When you first view a website, if feeds are available, the Feeds button will change color. You simply click the Feeds button and then click the feed you want to see. You can subscribe to a Feed to get content automatically which I have done and have experienced reading up to date material many times now. You can view your feeds by going to the tab in the Favorite Centre and clicking the star button then click the Feeds button. So easy and so amazing that current material can be accessed with speed and efficiency with just a click of a special button!

Blogging & Professional Development

Teacher librarians, who are isolated from others in their field, benefit from blogging in order to keep up with the latest research, share information and receive support from others in the profession. The article Ending Isolation ( Sept.2006) gives an example of this. However, it also reminds me of our own class. We are scattered all over Canada, but through blogging we can connect, learn, share and support one another in our professional development.

According to Laurel Clyde, author of Weblogs & Libraries not only do blogs bring current trends and issues to our attention, but they also allow us to keep up to date by reading and participating on library and information weblogs. I personally want to know what are the latest developments, how are other educators using Web 2.0 tools in their schools, what issues do they have to address and how do they effectively address them.
Subscribing to educational blogs and utilizing the RSS feeds keeps me current and answers questions I might have. I have learned that there is a lot of support that we can access.

One of the benefits of blogging for professional development is the opportunity to build my own professional network with my colleagues in this class. I can comment on their thoughts and links and they do the same for me. I feel much more confident about the possibility of going on the ‘gurus’site to leave comments and ask questions too. The following quotation is so applicable to our situation in this class. “Learning with others makes the difference, since learning is a social process…and has now gone online with blogs. Learning with others means you take control of the flood of information and data coming into your life.” (Miguel Guhlin – Blogs: Webs of Connected Learning – 2006)
Teacher librarians and educators like us, need to start leaving comments and linking those back to our own blogs for our own professional development, to learn more and to share knowledge. I will most definitely continue to do this even after this course is completed!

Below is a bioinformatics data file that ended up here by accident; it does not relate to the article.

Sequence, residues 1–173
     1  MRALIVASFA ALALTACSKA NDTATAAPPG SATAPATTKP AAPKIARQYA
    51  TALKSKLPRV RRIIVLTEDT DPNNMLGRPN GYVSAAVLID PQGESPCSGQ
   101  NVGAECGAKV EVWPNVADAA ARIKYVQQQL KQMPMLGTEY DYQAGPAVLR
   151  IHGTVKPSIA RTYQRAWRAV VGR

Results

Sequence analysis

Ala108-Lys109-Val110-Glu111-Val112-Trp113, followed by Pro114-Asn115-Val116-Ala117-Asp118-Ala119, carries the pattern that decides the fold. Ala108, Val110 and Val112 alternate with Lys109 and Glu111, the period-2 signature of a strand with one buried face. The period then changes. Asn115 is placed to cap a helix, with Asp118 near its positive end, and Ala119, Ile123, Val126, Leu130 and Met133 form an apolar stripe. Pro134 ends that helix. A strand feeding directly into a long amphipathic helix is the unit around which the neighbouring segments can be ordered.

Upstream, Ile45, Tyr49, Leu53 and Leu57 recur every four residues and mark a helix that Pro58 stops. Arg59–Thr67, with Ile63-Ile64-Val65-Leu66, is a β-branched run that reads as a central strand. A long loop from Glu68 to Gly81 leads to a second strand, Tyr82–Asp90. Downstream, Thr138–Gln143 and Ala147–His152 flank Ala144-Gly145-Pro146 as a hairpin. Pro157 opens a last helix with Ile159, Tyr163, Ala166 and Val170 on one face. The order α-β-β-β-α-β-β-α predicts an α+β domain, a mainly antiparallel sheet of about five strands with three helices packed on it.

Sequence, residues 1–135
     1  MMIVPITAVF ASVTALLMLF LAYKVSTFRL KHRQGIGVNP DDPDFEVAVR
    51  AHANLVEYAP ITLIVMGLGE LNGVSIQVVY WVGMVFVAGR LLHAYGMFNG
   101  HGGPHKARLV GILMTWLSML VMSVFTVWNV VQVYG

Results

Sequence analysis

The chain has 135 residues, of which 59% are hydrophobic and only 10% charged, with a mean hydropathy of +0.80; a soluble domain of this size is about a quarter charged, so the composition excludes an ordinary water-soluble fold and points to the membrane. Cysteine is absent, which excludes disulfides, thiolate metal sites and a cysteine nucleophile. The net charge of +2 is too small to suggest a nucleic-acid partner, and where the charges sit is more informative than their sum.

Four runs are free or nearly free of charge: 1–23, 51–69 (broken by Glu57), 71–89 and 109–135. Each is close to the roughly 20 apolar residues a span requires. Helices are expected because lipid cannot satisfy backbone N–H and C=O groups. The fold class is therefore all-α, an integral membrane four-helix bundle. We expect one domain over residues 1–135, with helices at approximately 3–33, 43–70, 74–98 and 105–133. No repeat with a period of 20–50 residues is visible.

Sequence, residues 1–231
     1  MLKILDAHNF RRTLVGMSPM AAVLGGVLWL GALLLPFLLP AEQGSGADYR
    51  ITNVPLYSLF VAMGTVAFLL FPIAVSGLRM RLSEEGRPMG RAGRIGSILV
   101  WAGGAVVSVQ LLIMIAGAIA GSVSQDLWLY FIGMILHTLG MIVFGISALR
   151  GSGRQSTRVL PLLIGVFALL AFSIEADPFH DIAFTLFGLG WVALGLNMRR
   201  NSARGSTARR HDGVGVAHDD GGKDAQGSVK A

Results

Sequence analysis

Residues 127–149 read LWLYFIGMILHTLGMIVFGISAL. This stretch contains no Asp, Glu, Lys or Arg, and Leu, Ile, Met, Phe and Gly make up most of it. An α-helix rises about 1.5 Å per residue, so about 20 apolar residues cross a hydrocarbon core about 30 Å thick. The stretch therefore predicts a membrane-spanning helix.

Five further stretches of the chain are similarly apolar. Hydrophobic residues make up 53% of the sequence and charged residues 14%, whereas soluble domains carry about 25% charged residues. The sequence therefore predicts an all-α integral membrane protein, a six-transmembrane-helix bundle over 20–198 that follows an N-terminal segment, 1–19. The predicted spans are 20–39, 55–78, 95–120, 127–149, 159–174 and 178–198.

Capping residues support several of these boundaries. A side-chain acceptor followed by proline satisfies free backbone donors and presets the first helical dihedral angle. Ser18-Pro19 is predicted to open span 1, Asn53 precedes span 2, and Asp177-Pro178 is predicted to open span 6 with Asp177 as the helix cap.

Examples of Blogs for Professional Development

As Dr. David Tobin notes in Building Your Personal Learning Network, blogs give us access to a variety of information sources and to people of whom we can ask questions, who can provide us with coaching and mentoring and who can challenge or extend our thinking and our professional development. There are a large number of blogs maintained by librarians and information specialists that provide valuable information. Deciding on which blogs to discuss in this section was a challenge as there are a number that I find very beneficial. One way to decide is by accessing well known bloggers sites such as Will Richardson and explores which weblogs they subscribe to. I must admit that when Jennifer asked us to subscribe to five educational blogs, at the beginning of the course, I depended on the list by Will. However, when I decided to update my blog, give it a fresh look and add more links, I took a more critical look at my original blogroll. I agreed with some of my choices but then added several more. I finally felt confident in knowing which blogs and bloggers truly influence and support my professional development and who I wanted to share with others. I look forward to accessing my classmates’ blogs to learn about some additional quality blogs and bloggers and to include some additional education blogs to my currently extensive blogroll!